Identity and place

7 Jul

It’s been nice to be back here in Gothic for a while.  Besides the very welcome help with child-wrangling, food, and other necessities of daily life, the gorgeous scenery, and the fact that it’s not in the 90s, it’s nice to be somewhere familiar.  I could hike/climb/mountain bike/drive in any direction and know (for the most part) where I’d end up, where there’s fishing, where there’s edible mushrooms to look for in wet Augusts, some of the history of the place, etc.

Or at least, I could if I didn’t have three kids.

Moon’s old enough now I can remember what I did here at her age, but of course being her own person, and having not grown up here, she also isn’t going to choose to do the same things.  She just hasn’t been exposed to the outdoors that much- it’s been hard to get out of town while living in Seattle, despite the proximity to great camping, etc.  Theatre, the house, and other things just took up too much of my “free” time.  For the most part she’d be happiest just staying in Nonnie and P-Pop’s cabin playing ponies, and eating nothing but rolls, hot dogs, and string cheese.  Hard sometimes not to break in to the “back in my day..”s, but she’s very much her own kid.

What’s also been interesting is just noting my own differences here.  It’s easy sometimes to fall in to old routines when going to old homes with your parents, but it’s been a little different this time- whether because I’m dragging along so many of my own kids, or because we’re sleeping in another cabin, or what, I’m not sure.  Still, I’ve found it generally easier to just “be” here, having spent enough summers here working part-time or not at all.   Much of my time here was spent as the only person my age, without TV or movies, either reading books, drawing, or going outside to bike, fish, hike, etc.  Now most of our time is, as always, taken up with child-wrangling, and I’m sad we haven’t been able to actually go out and see/do/experience much of what I’d hoped to share with my family. It’s just hard to get everyone ready to go anywhere, to work around feeding & nap schedules, sunscreen the crew, figure out how we’re getting anywhere since we take up a whole car ourselves… so some of that may need to wait until the kids are all a bit older- but by then, the rest of us are a bit older too.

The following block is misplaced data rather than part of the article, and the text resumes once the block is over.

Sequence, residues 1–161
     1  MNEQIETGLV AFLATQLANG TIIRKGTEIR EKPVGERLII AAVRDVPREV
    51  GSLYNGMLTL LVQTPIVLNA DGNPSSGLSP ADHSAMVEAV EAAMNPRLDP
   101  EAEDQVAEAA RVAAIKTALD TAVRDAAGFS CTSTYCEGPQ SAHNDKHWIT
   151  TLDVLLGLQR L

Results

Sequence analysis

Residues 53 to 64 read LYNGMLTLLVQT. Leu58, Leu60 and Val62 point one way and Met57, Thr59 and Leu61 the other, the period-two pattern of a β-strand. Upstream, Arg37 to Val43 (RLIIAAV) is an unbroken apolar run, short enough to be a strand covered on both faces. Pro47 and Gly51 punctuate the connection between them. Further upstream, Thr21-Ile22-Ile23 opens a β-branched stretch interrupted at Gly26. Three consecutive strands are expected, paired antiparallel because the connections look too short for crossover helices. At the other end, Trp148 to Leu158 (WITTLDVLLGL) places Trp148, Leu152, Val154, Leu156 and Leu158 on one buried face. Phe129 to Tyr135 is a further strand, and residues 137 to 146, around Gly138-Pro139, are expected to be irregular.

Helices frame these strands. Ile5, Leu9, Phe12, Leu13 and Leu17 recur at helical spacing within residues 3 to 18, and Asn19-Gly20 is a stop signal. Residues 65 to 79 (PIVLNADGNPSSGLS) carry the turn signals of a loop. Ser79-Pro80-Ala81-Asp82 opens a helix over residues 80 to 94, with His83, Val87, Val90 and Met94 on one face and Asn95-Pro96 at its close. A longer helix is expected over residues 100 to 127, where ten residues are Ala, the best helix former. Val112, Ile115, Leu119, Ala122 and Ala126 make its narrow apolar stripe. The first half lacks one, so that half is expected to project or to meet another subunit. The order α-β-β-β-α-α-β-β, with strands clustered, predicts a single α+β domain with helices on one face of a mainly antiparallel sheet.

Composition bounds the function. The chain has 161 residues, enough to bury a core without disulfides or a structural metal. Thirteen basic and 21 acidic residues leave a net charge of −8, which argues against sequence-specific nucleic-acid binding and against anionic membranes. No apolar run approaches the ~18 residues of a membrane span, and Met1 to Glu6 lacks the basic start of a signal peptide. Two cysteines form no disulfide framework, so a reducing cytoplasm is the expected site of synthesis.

I remember finding out about the first of my grandparents to die, while out in my parent’s cabin here, 25 years and a few weeks ago.  His wife, my last remaining grandparent (having seen two husbands die, and suffering from a variety of ailments), is now seeking hospice care, and we’ll be cutting our stay here a day short so I can fly out of Denver to go see her.  There’s no more denying that I’m becoming the middle generation, instead of the kid, and relations to family members are all being reflected upon somewhat.  I’ll be overlapping for an evening with my older brother, who I far too rarely see, with my father (who we’re here with now), and I think both of his brothers- one whom we visited last month on the first leg of our journey in his ranch in Naches, WA, and the other of whom we’ll see much more of after the journey is over, as he currently lives in Northern Virginia.

The idea of Importance of Place has been highlighted in their recent conversations- my Uncle’s place in WA has really come to define and reflect him, as has Gothic for my parents, and to some degree my grandmother’s place in Vermont, purchased after the death of my grandfather.  My daughter still treasures the last small vial of maple syrup from my grandmother’s place there.

In retrospect, this really wasn’t a bad place to grow up, or at least spend parts of it.  Crested Butte would be a great place to raise a family, for those who can find a way to afford to do so… which I don’t think will be me.  It’s a rare gem, geographically of course but also for being small town that’s in no way small-minded.

I do hope to return some time in the next few years, and can only hope to do so under better (or at least more freeing) terms than mid-move with the cats and very young kids.

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One Response to “Identity and place”

  1. Pitter July 8, 2010 at 11:20 am #

    You really can’t go home again, can you? It’s a lesson I didn’t learn until my move west, when I drove by my hometown rather than stop.

    It’s a strange feeling–nostalgic and yet freeing at the same time.

    Safe journeys from here on out.

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